Top film remakes…. Can a film be better than the original?

With Cruella, The Little Mermaid and Mulan waiting in the wings, it is worth considering the best remakes. The releases of Dumbo, Aladdin, The Lion King and Hellboy have had varied degrees of success. Even though Disney is merely retelling many of their classic animated films, it does get the mind thinking of remakes.

What about the remakes?

Going back to films of the past or other countries to find good source material for films, Hollywood has managed to get these new versions right. Some of these films were so good, most people did not even know that they were remakes. There are quite a few options to choose from for this list, but we will limit them to the top ten remakes. 

Reel Dialogue’s top 10 film remakes

  1. True Grit – The combination of the Coen Brothers and Jeff Bridges was the rare moment where the new outdoes the original. Also, they managed to get a western back at the top. 
  2. The Departed – Hard to imagine that Martin Scorsese needed to use borrowed material, but this classic did the original Hong Kong production justice.
  3. 3:10 to Yuma – Another western makes the list, but this is one of Russell Crowe’s best performances. Many have not seen this fantastic film, but it is worth a look. 
  4. Aladdin – Out of the recent Disney choices, this has been the stand out of the live-action remakes. Also, it has gone on to be the biggest box office success of Will Smith and director Guy Ritchie.
  5. Insomnia – One of the rare Christopher Nolan films that get forgotten. Al Pacino and Robin Williams provide excellent performances to the adaptation of the original Norwegian film. 
  6. Dirty Rotten Scoundrels (1988) – Finally a comedy! A remake of 1964’s Bedtime Story, This Frank Oz production capitalises on the comedic brilliance of Steve Martin and Michael Caine. 
  7. 12 Monkeys (1995) – Not even realising that this was a remake of La Jetee (1962), this quirky, yet brilliant Terry Gilliam film continues to captivate in its prophetic nature.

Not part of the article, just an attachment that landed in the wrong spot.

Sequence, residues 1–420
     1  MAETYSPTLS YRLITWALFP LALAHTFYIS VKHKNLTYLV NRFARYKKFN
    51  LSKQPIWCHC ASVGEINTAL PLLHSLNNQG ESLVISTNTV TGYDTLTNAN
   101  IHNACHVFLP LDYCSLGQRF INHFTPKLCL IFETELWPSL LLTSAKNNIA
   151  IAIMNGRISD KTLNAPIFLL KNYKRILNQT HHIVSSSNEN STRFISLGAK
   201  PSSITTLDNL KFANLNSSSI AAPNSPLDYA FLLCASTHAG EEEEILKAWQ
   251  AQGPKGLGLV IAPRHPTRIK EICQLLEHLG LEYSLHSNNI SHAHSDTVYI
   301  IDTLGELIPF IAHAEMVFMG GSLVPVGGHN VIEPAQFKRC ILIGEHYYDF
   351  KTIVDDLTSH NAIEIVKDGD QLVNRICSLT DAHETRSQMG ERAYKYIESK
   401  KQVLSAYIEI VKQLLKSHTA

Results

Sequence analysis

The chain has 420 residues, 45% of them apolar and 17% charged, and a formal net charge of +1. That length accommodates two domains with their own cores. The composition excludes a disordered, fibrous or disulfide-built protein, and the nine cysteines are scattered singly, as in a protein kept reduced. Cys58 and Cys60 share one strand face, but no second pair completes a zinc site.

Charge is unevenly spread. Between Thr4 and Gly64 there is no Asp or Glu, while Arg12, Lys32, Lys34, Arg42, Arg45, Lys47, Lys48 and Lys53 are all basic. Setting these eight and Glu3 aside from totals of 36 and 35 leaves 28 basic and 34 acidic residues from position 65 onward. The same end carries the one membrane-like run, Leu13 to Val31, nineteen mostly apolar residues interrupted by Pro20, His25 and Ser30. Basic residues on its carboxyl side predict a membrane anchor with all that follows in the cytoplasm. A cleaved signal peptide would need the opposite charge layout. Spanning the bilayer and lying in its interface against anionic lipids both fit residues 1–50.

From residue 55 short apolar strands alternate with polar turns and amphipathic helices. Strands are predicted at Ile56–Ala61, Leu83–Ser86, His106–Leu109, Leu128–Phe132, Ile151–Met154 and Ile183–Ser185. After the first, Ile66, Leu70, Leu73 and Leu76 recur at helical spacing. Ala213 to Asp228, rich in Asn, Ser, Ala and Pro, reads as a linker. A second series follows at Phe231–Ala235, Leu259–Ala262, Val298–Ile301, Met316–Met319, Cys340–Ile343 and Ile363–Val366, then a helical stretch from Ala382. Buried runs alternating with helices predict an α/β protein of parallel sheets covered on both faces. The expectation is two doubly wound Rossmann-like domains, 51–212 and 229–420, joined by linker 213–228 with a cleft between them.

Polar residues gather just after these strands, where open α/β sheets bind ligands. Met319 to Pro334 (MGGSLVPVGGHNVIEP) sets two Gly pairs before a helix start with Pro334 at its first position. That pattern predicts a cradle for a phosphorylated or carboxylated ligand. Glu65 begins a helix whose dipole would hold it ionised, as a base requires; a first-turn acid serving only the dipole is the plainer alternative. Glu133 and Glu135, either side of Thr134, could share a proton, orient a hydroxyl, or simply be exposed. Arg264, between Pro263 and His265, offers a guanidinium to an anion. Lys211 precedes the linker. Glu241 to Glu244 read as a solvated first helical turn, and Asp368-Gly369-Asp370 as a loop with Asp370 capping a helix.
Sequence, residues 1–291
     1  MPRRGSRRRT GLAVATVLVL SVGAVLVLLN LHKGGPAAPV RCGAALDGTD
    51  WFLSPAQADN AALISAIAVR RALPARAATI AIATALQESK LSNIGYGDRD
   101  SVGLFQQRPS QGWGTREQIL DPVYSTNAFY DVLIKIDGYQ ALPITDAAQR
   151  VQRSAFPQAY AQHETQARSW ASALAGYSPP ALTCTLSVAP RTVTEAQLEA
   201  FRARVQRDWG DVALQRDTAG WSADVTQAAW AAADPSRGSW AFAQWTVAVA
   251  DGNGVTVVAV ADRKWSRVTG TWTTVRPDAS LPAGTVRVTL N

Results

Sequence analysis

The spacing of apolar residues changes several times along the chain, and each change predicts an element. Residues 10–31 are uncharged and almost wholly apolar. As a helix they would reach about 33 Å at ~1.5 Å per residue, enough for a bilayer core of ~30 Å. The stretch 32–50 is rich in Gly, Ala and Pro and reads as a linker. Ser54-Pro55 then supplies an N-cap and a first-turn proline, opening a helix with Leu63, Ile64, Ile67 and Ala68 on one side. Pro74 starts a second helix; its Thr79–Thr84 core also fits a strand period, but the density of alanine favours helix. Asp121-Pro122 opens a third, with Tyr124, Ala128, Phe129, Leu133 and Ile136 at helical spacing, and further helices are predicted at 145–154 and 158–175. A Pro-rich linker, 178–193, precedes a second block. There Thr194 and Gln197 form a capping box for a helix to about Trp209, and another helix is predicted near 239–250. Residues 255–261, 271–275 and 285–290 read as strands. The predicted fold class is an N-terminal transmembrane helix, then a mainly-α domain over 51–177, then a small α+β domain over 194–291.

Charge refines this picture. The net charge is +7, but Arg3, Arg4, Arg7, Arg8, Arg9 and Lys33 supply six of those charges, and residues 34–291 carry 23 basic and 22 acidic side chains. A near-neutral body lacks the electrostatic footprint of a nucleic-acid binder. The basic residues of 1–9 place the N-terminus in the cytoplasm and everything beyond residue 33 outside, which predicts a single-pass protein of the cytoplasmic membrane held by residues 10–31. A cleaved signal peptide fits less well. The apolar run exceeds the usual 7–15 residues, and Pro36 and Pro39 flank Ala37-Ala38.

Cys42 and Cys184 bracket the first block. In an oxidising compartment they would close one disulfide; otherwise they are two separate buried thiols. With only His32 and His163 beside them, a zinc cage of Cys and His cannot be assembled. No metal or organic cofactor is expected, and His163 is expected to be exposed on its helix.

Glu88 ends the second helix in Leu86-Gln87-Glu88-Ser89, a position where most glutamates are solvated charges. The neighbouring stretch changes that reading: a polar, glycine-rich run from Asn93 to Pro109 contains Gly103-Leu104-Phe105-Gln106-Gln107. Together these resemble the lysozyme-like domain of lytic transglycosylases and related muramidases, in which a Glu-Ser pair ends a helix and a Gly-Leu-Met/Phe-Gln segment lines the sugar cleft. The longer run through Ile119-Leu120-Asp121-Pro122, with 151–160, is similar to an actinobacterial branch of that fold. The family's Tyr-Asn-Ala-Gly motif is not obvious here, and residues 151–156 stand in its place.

8. Ocean’s Eleven -Steven Soderbergh and the boys looked like they were having fun in every frame of this remake of the Rat Pack original. 
  9. Charlie and the Chocolate Factory -For Willy Wonka and Gene Wilder fans this will be a controversial addition to the list. Tim Burton was made to make Roald Dahl inspired films. His style complements the bizarre children’s author view of the world. 
  10. War of the Worlds – Yes, even Steven Spielberg and Tom Cruise make the list. Outside of the ending, this production still stands up against many of the apocalyptic films of this era.

Honourable Mentions

  1. Hairspray – This was added for the sake of the ladies in our house that love this version over the original. 
  2. Dawn of the Dead – Zach Snyder helps to get a zombie film close to the top 10.
  3. Homeward Bound – Disney is notorious for rebooting their own material, but this children’s remake of The Incredible Journey will still bring a tear to your eye. 
  4. Scarface -A magnificent performance by Al Pacino would seem mild in comparison to today’s cinema, but still a classic.
  5. Beauty and the Beast – This film has been done a multitude of times, but the recent release had to get a mention for the sake of my daughters. 
PLANET OF THE APES (2001) Tim Roth (L) and Mark Wahlberg

Some of the least appealing remakes

There are plenty of options for this list, but here are some of the worst. They do not need much commentary, just a warning label that they might be bad for your health.

  1. Planet of the Apes (2001)Tim Burton made this list, too. Skip this version and enjoy the new series.
  2. Godzilla (1998) – The most recent version was not much better, but the 1998 version was an embarrassment to this franchise. That is a stretch to be the worst within this genre. 
  3. Psycho (1998) – Not a good year for remakes.
  4. Point Break – The original was a cult classic, but this version took itself too seriously.
  5. Arthur – Please allow this to be the end of Russell Brand’s acting career. 

REEL DIALOGUE: Asking the bigger questions

1. What makes a film appealing? 

2. What are your thoughts on the top and worst films?